In the meantime BBA LIBOR Ltd, as the interim benchmark administrator published an interim Code of Conduct which was accepted as industry guidance by the FCA on 12 July 2013. It has also published its Whistle Blowing policy, which outlines how concerns about perceived irregularities in conduct relating to the administration of LIBOR and/ or LIBOR submissions can be raised. Both documents are available on the BBA's website.

Guidance on the principles relating to benchmarks has been provided at both International and European level following respective consultations.

The European Securities and Markets Authority (ESMA) and the European Banking Authority (EBA) published a final report in June 2013 containing a set of principles for setting benchmarks. The principles cover all stages of the benchmark process eg, data submission, administration, calculation, publication, the continuity of benchmarks and the use of them. ESMA and EBA note in their introductory paragraph in the final report that they consider it is

"important that these Principles are implemented not only by all market participants, with the aim of reinforcing the robustness of the procedures, ensuring a minimal level of transparency to the public and creating a level-playing field, but also by Supervisory Authorities in their supervisory practices, where relevant and possible."

In July the International Organisation of Securities Commissions (IOSCO) published its Final Report setting out principles for financial benchmarks. These principles provide an overarching framework of principles for benchmarks used in the financial markets. They are aimed at administrators and other relevant bodies as they provide guidance relating to governance, benchmark quality, the quality of the methodology and accountability mechanisms. Under the guidelines Benchmark administrators must publicly disclose their compliance with the principles within twelve months of the publication of the report, with the intention of IOSCO reviewing within an 18 month period the extent to which the principles have been implemented. A copy of the Principles can be found on the IOSCO website.

There have been suggestions in the press that the European Commission is considering whether or not to give ESMA oversight of LIBOR in future. This would take it away from the FCA. However, neither ESMA, or the FCA have commented on this proposal.

Other financial benchmark rates investigations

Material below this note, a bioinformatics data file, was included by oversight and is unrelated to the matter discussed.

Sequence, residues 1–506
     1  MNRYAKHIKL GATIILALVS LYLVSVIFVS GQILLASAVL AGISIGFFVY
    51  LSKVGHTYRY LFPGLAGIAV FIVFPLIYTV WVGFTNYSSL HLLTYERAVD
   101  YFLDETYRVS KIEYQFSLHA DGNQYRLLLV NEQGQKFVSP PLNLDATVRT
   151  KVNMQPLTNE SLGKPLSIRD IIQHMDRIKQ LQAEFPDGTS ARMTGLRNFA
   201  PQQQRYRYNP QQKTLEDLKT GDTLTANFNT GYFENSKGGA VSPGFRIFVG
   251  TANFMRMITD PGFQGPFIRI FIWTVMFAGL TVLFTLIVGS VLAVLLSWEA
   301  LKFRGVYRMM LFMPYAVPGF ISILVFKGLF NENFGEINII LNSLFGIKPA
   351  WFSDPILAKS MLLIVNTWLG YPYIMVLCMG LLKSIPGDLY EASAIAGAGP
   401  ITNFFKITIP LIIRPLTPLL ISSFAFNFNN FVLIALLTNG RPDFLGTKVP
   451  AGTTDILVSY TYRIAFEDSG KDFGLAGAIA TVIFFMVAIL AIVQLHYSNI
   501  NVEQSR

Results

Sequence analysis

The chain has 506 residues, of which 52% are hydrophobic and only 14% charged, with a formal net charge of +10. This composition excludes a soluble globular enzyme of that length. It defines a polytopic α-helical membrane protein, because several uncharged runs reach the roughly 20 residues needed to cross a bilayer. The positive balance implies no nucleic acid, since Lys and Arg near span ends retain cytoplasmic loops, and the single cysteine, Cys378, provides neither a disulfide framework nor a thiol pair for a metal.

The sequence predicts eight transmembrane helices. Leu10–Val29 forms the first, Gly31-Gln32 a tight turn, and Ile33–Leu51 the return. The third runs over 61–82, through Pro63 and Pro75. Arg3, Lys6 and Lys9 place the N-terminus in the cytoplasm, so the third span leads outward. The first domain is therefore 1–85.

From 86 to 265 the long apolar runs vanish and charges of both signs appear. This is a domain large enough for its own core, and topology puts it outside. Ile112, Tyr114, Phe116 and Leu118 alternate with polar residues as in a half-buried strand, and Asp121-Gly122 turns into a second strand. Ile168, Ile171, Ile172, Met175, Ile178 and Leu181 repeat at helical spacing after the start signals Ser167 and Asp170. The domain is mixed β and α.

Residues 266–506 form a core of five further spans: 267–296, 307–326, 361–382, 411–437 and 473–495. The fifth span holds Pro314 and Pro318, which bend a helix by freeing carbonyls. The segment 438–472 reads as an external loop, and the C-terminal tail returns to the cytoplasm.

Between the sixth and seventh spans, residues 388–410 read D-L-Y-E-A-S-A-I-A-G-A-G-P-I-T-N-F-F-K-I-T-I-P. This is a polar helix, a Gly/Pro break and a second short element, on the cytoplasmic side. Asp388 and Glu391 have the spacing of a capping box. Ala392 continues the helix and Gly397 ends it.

The US Federal Trade Commission (FTC) has opened a formal investigation into the process for setting prices for crude oil and petroleum products. This follows a similar investigation currently ongoing by regulators in the European Union. The investigation is expected to branch off into multiple jurisdictions, in the same manner as LIBOR investigations. This investigation also marks the third global investigation into pricing benchmarks, after LIBOR and ISDAFix.

Price assessments to reporting agencies for certain key metals are being withheld by traders in the wake of the LIBOR scandal and the European Commission's (EC) proposed regulatory framework for benchmarks (in September 2012 the EC published a consultation document seeking views on issues relevant to a possible framework for the regulation and production and use of indices serving as benchmarks in both financial and other contracts. The consultation closed in November 2012 and a summary of responses was published in January 2013. The expected publication date for the EC's proposed legislation for a framework on benchmarks is September 2013). Although the focus of the proposed framework is on LIBOR and the more widely used oil indexes, the metals market is unsettled as some take the view that metal benchmarks are especially vulnerable to charges of "manipulation".

Industry response

The LIBOR move to New York has generated some scepticism. NYSE currently administers London International Financial Futures and Options Exchange (LIFFE), Europe's second largest derivatives exchange, some of which are tied to LIBOR and LIBOR-related benchmarks. Whilst NYSE's profitability depends on LIBOR's continued credibility (a good thing as the administrators of the benchmark), it also creates a conflict in that, as the new owners, they may be less motivated to undertake a complete overhaul of the system. Indeed, the NYSE has indicated that, other than adding some additional safeguards, the system will remain the same.